But I was always only a producer, making multiple tracks of all kinds for different types of artists -- rock, pop, hip-hop, R&B -- all at the same time and nothing sounding alike. I look back and see where I was being prepared for what I am now." Among producers, Hills cites such role models as Dr. Dre, Rodney Jerkins, the Neptunes, Jimmy Jam and Terry Lewis, "of course" Quincy Jones, Timbaland and Teddy Riley.

Working with Natural Blend, an R&B group from the Virginia Beach area, Hills met Leon Sylvers, who introduced him to Riley. True to his "studio rat" form, Danja began hanging out at Riley's studio in Virginia Beach and co-produced a track on Riley's group Blackstreet's 2003 album "Level II." But the real career turning point came when a CD containing 30 of Hills' beats was passed on to his idol Timbaland, who was duly impressed. Hills later had the opportunity to play more tracks for Timbaland personally on his tour bus.

"He didn't even listen to three seconds of each track and just knew where I was going," Hills says. "That was enough for him -- and that was it." Still, six months passed. Hills recalls "scraping by, breaking concrete with a sledgehammer doing construction work" during the day while "working and working and working" in the studio at night. Then Timbaland invited Hills to work with him down in Miami. "I had played some music for Scott Storch, Irv Gotti, Ja Rule, Fat Joe, all these dudes, and nothing came of it," Hills says. "But Tim recognized my talent level and potential from the start. It just goes to show that when it's your time it's your time." The Hills/Timbaland partnership then commenced in earnest in early 2004.

"Tim was hard on me, not in the sense of being a tyrant but musically very critical of what I was doing and pushing me to develop, develop, develop, push, push, push," Hills says. "We worked on a lot of different projects together including the Game, Black Eyed Peas, Jennifer Lopez, but nothing major happened. Then we did 'I'm So Fly' for Lloyd Banks, and it was really the first thing that people heard from me and Tim." Then the floodgates opened. "Nelly [Furtado] came along with some songs, but Tim had a different vision and we just started making music together," Hills says. "The first day we did 'Maneater.' " Furtado's 2006 hit from "Loose" flowed directly into Timberlake's "FutureSex/LoveSounds" project, the first session of which yielded "What Goes Around . . . Comes Around." "We were sitting on those two albums and nothing had dropped yet, but Tim felt really good about it, and I didn't have any choice but to feel good and excited because he was," Hills says. "Then in May of '06, 'Maneater' dropped overseas and started killing, and then the States. The rest is history." That history now also includes the likes of Madonna, Missy Elliott, Ciara and Fat Joe.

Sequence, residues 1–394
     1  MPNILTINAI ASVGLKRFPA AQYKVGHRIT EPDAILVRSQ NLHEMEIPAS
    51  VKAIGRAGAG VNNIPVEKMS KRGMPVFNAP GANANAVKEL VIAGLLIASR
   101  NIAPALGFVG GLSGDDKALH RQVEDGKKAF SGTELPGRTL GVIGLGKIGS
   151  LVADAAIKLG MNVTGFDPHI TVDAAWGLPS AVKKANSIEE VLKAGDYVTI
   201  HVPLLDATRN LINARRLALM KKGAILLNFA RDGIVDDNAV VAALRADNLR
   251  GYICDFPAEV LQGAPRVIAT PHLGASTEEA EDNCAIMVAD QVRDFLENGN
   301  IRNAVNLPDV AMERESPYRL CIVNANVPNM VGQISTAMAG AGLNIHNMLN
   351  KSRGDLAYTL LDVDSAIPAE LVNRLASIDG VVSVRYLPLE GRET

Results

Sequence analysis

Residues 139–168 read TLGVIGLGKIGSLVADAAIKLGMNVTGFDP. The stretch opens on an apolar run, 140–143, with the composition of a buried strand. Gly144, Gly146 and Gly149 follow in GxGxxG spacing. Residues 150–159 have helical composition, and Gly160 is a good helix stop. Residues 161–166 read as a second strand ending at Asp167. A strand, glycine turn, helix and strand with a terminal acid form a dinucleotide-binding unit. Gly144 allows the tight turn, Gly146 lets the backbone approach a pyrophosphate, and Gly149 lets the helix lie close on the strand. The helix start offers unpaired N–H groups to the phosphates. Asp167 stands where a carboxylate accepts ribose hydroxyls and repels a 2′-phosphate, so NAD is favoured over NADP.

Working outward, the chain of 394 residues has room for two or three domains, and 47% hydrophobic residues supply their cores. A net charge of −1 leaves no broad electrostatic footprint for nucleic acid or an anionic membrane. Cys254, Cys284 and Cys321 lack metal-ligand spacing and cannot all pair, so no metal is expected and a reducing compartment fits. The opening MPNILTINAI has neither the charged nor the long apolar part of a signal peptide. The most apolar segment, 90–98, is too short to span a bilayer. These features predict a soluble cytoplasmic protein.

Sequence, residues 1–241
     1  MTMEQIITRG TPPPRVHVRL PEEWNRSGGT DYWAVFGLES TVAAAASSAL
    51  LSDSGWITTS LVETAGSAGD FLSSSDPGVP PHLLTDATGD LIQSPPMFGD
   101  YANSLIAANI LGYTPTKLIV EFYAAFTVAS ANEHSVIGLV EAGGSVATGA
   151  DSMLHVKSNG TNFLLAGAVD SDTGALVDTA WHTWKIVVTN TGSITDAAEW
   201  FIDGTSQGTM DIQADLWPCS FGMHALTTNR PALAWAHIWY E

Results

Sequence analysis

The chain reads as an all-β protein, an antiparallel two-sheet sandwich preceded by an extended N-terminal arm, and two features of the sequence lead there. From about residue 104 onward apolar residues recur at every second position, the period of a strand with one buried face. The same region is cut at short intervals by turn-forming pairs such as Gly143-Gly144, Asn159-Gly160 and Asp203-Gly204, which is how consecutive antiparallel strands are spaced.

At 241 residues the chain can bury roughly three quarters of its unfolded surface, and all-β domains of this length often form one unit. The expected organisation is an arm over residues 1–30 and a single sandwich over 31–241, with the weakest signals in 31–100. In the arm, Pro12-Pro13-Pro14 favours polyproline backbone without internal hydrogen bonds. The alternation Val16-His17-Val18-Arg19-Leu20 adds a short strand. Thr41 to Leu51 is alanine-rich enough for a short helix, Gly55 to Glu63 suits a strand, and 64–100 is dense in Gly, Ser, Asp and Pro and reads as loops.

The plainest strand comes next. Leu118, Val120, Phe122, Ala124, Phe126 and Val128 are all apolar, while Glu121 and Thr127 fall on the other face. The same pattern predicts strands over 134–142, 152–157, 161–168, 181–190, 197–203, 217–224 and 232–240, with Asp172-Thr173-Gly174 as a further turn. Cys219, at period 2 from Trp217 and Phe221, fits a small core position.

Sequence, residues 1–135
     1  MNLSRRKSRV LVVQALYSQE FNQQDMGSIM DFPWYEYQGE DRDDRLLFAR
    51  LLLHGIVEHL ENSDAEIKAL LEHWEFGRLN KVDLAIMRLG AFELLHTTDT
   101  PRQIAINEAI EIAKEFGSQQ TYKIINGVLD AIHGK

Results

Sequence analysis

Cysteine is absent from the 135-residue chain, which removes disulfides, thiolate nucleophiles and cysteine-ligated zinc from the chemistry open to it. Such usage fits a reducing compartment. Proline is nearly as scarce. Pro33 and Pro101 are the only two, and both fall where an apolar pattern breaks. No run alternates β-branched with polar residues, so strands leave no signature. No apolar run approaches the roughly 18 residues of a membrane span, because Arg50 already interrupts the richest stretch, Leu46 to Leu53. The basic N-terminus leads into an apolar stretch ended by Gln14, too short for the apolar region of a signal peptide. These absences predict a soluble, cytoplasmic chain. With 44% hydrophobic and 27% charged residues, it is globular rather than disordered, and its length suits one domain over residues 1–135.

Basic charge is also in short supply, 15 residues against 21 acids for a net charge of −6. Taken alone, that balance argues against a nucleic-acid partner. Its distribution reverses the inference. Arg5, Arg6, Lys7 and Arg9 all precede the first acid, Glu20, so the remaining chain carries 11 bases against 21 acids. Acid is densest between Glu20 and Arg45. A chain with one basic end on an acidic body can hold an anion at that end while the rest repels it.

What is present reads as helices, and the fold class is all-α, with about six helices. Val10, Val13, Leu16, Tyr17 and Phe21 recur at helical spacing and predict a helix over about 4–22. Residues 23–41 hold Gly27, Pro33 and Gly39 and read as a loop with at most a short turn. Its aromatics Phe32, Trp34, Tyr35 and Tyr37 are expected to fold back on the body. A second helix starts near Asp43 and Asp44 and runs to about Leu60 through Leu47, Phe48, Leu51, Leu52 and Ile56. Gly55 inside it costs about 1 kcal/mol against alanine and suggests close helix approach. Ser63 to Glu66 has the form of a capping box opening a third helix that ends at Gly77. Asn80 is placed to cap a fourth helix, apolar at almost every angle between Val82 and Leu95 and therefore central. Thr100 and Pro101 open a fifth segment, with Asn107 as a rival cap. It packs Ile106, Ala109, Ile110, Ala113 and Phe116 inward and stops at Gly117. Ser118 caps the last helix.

"Respect," along with "fearless" and "brilliant," are just some of the words colleagues use in assessing Hills' meteoric rise. "Danja is brilliant," Universal Motown president/executive VP Sylvia Rhone says. "He has a keen passion for his craft, takes great pride in his work and is the consummate perfectionist. I have watched him emerge from the shadows of his peers to become a major player in his own right -- an accomplished producer, composer and musician, a triple-threat in the studio and a genius hitmaker." Missy Elliott adds, "Danja is not only just a hot producer: He is fearless. That's what makes him hot. His music speaks for itself: When you listen to his beats you hear confidence in the track -- hard-hitting, cutting-edge confidence. He's not scared to take chances -- no matter what sound may be hot on the radio, he's going to give you what moves him. And that's what makes Danja dangerous." Furtado says, "Nate is an oddity because he possesses so much natural talent, combined with real musical focus at such a young age. He is invested in the original, constantly chasing musical risk -- and he is a stoic presence in the studio. He lives in his own beat-driven, keyboard-adoring world."

Future endeavors for Hills, according to Ehrlich, involve "expanding his brand and getting into other areas of commerce utilizing the brand." To this end, Ehrlich notes Hills' music work on the film "Step Up 2: The Streets." Hills says he looks forward to "stepping off as a solo entity" with a new company in the works and a new artist that he's "very excited about" to kick it off.

He notes that his goal is "to match or top what me and Tim did together," adding that "the good thing about it is that I still feel like that guy breaking up the concrete: I never forget what I'm out there doing, and I'm grateful for what I am. But to get that No. 1 record and then do it over and over again just to prove to myself that I can really do this, I want to continue that." But Hills' creative talents and accomplishments aside, he's also "a wonderful person," Ehrlich says. "He always does the right thing and strives to do the right thing. He's always sensitive to the feelings of others and tries to act ethically in business -- where sometimes you're challenged to not do so. One of the greatest joys is working with him." Offering a last word, Epic Records president Charlie Walk echoes Ehrlich.